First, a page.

Moxos, Or Mojos, a nation of Indians in South America, occupying a large tract in Bolivia, between lat. 13 and 160 S., and lon. 64° and 69° W. They believed that they originated on the spot, and from their superstitious reverence for its mountains, lakes, and rivers, each band feared to emigrate. They are lighter in color and taller than the neighboring nations; are industrious, cultivating the soil, fishing and bunting. The women spin and weave. Their manners are generally mild, though they have some cruel superstitions. Missions were attempted among them at a very early period by the Dominicans, and a great mission of Jesuits was founded by Cyprian Baraza in 1676. They stopped the fends among the Moxos bands, increased the planting of maize and bananas, and taught them various arts, collecting them in 15 line missions. The Moxos Christians suffered greatly from the attacks of the Portuguese, who carri 1 off whole villages as slaves, but the (suppression of the Jesuits was the greatest blow. They left 30,000 converts, but in less than 20 years the missions were reduced to 11. They have declined still further during the revolutions of the present century.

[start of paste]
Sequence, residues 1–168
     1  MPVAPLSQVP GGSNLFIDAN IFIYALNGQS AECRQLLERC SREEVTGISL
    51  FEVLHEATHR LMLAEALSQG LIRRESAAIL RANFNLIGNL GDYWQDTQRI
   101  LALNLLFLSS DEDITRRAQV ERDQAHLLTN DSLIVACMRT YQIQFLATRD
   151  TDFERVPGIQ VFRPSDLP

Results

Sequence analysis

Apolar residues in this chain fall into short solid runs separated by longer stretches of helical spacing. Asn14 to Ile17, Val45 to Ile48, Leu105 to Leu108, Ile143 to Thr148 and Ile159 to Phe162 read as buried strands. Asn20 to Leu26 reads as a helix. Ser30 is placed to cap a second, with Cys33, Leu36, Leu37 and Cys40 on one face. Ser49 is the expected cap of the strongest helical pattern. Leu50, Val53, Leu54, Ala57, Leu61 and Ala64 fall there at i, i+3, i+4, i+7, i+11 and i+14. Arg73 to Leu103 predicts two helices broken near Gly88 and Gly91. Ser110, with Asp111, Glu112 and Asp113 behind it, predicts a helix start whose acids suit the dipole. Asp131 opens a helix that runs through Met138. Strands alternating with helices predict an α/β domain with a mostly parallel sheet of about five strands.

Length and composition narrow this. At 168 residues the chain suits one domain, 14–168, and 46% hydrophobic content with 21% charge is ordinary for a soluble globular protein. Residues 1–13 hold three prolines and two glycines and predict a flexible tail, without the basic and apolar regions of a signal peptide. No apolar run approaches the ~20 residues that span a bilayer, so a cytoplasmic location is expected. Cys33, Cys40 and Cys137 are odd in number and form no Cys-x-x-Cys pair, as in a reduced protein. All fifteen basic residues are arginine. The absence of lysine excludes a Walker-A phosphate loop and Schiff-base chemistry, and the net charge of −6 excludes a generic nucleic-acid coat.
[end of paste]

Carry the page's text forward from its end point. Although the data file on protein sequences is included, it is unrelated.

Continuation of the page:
In 1820 Velasco, the governor of the district, killed the cacique of San Pedro, and the Moxos rose in rebellion and put Velasco and his soldiers death. In 1831 the Moxos missions, with those of the kindred Baures and Muchojeones numbered only 13,620 souls in all, of whom 1,000 were in a wild state. They have a few books copied from generation to generation, and still play the old church music from notes Even in their wild state they had a kind of signs which they used in writing. A history of the Moxos was written by F. Francis X

Iraizos. Their language lacks d, f, l, is harmonious, and abounds in frequentative words. There is an Arte de la lengua Moxa eon su vocdbulario, by Father Marban (Lima, 1701).